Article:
A reaching test reveals weak hand preference in specific language impairment and developmental co-ordination disorder
Hill EL., Bishop DVM.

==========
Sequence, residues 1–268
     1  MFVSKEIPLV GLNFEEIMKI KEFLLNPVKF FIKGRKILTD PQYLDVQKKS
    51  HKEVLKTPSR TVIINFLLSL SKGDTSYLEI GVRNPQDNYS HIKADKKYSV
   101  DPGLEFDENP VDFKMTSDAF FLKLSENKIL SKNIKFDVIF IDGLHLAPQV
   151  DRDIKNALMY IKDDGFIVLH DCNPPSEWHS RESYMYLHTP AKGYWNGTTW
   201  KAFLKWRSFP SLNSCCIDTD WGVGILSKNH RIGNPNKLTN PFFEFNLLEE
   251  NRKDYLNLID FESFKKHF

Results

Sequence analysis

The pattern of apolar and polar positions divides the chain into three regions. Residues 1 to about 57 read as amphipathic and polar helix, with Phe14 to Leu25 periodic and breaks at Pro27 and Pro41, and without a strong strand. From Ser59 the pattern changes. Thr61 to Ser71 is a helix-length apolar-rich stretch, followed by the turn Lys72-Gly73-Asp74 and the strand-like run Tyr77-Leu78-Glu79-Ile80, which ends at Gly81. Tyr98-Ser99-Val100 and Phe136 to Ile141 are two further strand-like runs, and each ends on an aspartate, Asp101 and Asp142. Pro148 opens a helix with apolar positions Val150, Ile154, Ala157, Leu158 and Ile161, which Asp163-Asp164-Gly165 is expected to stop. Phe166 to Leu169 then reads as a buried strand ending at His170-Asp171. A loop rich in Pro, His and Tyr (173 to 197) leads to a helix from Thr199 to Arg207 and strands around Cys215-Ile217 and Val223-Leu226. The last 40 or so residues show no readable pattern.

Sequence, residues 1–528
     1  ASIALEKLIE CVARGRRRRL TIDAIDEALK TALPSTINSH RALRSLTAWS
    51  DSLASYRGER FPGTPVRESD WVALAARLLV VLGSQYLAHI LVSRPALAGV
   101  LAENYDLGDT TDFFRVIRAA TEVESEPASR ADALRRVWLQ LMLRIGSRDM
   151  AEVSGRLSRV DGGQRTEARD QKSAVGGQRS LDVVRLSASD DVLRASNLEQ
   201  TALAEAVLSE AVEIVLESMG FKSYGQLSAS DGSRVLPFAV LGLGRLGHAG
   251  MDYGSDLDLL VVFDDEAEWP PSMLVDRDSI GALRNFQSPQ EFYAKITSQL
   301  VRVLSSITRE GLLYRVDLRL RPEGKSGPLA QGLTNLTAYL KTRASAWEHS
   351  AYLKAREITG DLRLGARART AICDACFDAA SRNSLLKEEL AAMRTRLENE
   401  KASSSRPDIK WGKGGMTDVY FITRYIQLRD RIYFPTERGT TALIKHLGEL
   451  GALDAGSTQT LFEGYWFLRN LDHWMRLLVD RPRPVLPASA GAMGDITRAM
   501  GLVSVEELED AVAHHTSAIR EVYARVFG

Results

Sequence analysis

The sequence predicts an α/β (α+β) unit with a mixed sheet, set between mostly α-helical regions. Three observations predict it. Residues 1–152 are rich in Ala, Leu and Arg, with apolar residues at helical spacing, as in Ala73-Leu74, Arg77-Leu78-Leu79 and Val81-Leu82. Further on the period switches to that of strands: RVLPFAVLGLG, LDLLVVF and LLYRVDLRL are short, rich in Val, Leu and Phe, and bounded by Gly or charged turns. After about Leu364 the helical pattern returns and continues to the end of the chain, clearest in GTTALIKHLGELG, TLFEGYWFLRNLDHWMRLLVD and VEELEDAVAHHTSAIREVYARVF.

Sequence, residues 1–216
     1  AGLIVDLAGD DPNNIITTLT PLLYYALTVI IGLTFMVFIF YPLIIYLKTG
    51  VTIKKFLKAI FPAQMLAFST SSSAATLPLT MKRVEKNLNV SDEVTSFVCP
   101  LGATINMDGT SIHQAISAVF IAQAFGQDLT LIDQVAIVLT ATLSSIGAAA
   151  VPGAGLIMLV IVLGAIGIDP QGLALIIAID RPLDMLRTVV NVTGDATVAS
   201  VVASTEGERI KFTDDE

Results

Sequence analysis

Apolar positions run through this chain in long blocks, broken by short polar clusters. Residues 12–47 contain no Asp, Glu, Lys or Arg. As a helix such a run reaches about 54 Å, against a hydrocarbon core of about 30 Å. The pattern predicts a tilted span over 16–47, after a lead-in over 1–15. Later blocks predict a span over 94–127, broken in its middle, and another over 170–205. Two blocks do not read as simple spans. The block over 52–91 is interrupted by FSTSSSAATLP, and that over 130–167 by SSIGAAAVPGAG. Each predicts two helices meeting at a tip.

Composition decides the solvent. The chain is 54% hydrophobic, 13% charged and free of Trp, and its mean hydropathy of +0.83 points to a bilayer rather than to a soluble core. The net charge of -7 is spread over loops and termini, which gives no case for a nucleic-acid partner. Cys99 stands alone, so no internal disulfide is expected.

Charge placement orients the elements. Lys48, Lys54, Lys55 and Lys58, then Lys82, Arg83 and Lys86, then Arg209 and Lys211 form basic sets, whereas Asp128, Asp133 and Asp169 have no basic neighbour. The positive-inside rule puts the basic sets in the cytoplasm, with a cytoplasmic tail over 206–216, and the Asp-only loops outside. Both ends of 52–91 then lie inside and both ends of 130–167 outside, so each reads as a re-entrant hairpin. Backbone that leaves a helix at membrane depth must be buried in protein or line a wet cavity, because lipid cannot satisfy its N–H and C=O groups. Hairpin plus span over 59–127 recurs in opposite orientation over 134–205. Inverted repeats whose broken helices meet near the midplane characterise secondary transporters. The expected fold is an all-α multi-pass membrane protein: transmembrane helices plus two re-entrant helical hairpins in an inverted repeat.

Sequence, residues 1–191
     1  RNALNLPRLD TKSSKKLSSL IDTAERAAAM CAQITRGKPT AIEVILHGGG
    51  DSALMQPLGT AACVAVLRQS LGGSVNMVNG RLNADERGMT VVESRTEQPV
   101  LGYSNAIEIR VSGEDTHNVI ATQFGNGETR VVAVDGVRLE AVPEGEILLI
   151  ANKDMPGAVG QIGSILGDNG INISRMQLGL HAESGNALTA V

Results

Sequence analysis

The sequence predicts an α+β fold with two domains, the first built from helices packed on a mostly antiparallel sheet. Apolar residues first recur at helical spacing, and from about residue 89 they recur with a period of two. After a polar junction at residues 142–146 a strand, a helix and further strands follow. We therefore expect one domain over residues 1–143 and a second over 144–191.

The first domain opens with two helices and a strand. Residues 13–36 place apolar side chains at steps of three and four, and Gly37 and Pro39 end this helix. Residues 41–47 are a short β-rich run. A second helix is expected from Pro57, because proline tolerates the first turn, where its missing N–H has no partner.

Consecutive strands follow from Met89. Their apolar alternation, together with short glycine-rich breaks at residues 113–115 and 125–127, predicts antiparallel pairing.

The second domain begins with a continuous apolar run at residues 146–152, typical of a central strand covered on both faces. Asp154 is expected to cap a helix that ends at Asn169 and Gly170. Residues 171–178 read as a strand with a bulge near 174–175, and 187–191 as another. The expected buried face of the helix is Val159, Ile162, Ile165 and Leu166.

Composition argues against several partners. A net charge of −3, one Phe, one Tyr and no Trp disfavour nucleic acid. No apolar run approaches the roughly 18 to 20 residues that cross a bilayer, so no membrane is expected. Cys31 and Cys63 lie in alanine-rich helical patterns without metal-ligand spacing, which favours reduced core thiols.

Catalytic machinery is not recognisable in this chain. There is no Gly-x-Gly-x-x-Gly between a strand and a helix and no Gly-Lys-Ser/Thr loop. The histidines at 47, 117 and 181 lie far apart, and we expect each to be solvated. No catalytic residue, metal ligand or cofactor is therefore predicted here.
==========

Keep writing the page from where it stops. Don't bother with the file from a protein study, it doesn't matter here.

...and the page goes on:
A reaching test for quantifying hand preference (QHP task) was given to 7- to 11-year-old children with specific language impairment (SLI) or developmental coordination disorder (DCD). The performance of these clinical children was compared to both an age-matched and younger control group. The four groups did not differ in terms of preferred writing hand or preference on a handedness questionnaire. The QHP measure discriminated the clinical and younger control groups from the age-matched controls, but not from each other. Right-handed children with SLI, DCD, and the younger controls reached predominantly with the right hand to spatial positions located to the right of their body's midline and with the left hand to positions situated to its left. Right-handers in the age-matched control group showed a significantly greater tendency to use their right hand to reach to all spatial positions. The increased tendency of the children with SLI to use the non-preferred hand was particularly striking because it was seen both in those with and without recognised motor difficulties. The QHP task appears to be a sensitive, but non-specific, indicator of developmental disorders.